Wednesday, March 15, 2006

25 books to remember?

A correspondent named Teddy has led me to the New York Public Library's list of 25 books to remember from 2005.

At first sight it all looks very pc and worthy, but on closer examination there is some stuff which even a vulgar fellow like me might find interesting.

There's a book about Joe Louis and Max Schmeling, for instance. I don't think I want to know any more about that era, and the two men's fights, than I know already, but it is all going to be news to someone.

Then there's a mention of Kazuo Ishiguro's novel, Never Let Me Go, which apparently has an English boarding-school setting, and which deals with 'alternative reality'. Ishiguro is normally thought of as a literary writer -- he has, after all, won both the Whitbread and Booker prizes -- but someone has had the temerity to shortlist him for the Arthur C. Clarke award! Science fiction, in case you're wondering. Hmm. Mixed feelings on the part of author and publisher there, I suspect.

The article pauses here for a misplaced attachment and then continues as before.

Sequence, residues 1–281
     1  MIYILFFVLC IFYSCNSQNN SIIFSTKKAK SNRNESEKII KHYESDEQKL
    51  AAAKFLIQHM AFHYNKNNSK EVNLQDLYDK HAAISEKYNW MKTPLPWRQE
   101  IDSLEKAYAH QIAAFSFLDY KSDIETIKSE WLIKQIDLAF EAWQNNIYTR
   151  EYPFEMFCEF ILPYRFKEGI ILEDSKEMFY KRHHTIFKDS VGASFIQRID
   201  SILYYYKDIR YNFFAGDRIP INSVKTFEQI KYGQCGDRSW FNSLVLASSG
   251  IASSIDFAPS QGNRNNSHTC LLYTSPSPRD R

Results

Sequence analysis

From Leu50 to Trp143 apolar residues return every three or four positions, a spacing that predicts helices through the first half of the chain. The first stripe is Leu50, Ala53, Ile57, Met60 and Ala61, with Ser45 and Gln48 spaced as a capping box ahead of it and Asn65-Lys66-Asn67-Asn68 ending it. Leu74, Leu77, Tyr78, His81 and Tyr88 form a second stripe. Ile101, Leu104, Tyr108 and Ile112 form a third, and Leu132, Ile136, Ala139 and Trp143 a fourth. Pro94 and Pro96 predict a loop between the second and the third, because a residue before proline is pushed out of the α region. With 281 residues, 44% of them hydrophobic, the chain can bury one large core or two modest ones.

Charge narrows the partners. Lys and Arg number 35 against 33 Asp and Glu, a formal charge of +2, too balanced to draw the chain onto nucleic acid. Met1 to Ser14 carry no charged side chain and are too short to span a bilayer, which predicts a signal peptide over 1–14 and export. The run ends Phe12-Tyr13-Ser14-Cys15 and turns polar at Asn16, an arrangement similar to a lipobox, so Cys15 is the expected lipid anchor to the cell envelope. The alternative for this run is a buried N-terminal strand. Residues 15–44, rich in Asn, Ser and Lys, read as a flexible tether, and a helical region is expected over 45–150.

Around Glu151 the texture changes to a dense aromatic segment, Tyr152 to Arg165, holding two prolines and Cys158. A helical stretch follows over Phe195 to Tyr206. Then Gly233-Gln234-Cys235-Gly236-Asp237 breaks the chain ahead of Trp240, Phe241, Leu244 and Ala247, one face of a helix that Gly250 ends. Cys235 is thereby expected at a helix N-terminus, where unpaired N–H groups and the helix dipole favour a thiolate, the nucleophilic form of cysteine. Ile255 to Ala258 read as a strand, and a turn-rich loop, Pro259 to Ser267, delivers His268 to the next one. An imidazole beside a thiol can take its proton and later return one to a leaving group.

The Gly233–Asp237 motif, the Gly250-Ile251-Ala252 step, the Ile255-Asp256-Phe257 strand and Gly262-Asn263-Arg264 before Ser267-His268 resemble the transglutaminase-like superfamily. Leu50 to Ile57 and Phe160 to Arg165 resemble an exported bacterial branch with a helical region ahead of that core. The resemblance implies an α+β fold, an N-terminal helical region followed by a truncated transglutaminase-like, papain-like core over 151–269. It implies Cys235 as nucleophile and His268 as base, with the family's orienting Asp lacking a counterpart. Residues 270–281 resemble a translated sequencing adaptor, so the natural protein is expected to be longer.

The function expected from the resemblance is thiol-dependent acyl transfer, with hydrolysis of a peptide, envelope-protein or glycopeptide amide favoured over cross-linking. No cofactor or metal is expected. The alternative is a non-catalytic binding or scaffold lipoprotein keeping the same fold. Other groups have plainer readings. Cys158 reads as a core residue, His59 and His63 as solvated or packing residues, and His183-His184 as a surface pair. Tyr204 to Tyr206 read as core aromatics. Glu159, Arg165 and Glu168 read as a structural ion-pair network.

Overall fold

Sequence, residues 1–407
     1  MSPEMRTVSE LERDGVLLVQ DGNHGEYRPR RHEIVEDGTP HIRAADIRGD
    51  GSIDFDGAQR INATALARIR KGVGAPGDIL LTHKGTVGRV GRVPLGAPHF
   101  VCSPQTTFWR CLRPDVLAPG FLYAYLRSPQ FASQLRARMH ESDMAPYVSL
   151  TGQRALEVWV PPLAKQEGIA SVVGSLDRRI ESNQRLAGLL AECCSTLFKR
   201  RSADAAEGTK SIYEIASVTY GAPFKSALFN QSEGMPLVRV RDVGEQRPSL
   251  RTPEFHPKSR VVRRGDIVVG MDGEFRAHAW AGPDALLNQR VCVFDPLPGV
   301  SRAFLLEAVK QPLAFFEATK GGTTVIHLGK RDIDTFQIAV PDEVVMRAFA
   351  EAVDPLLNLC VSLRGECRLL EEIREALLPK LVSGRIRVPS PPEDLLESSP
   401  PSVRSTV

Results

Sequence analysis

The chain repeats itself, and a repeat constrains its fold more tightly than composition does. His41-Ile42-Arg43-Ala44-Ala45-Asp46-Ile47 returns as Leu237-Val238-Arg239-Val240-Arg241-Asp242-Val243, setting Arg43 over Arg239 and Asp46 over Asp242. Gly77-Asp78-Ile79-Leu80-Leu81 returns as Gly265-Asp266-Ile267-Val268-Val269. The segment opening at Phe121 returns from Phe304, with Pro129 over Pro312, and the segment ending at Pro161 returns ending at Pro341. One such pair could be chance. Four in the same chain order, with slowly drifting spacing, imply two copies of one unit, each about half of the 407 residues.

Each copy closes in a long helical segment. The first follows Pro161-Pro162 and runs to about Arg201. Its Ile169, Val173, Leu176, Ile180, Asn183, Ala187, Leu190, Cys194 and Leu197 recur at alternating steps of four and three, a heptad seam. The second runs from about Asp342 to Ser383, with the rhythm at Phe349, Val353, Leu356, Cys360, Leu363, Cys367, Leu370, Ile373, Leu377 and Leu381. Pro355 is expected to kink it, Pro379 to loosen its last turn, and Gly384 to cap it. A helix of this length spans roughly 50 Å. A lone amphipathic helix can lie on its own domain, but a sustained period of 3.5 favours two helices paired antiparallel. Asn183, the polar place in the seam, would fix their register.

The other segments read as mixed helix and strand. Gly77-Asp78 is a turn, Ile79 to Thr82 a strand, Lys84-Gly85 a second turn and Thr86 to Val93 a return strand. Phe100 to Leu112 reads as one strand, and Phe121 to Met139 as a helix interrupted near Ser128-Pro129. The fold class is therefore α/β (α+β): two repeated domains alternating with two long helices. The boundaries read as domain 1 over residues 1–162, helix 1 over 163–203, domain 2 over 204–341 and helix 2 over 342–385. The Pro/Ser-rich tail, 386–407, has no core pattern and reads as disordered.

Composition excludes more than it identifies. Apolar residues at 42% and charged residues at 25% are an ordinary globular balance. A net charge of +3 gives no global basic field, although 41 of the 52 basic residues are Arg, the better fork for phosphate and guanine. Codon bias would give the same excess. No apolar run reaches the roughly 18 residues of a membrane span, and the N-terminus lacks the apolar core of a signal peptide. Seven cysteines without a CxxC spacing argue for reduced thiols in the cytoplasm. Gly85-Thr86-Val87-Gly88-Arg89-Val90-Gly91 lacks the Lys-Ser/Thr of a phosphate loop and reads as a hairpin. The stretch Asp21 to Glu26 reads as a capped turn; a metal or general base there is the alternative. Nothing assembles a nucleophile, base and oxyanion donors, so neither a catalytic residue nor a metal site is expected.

And there might be others. Worth a look.


Anonymous said...

Typical literary snob.
Ishiguro's book's themes make it sci-fi whether you like it or not.
They are not particulary original but then again neither were Atwood's when she won this award for A Handmaid's Tale a few years ago.

Kim Laird said...

Dear Mr. GOB,

Two of the books on NYPL's list are also on the 2006 Michigan Notable Books list. Just thought you might be interested in knowing about the two that match between us & NYPL! One is Beyond Glory, which you mentioned in your blog, and the other one is Please Don't Come Back from the Moon by Dean Bakapoulos. Both are excellent. Just in case you're interested in what we're doing, our lists & information are at and I also wanted to thank you for your blogs & for your insight. Much appreciated!

Anonymous said...

Mixed feelings no doubt, but in theory there's no good reason why Ishiguro shouldn't win an award for science fiction. He's written a book which deals with some scientific issues. OK, so there aren't any time-travellers in it, or green-faced aliens, but (need I repeat it) it doesn't change the simple fact that he's written a book which deals with some scientific issues. Of course, that makes a lot of books science fiction in theory, but what the hell, let's break down those needless boundaries shall we?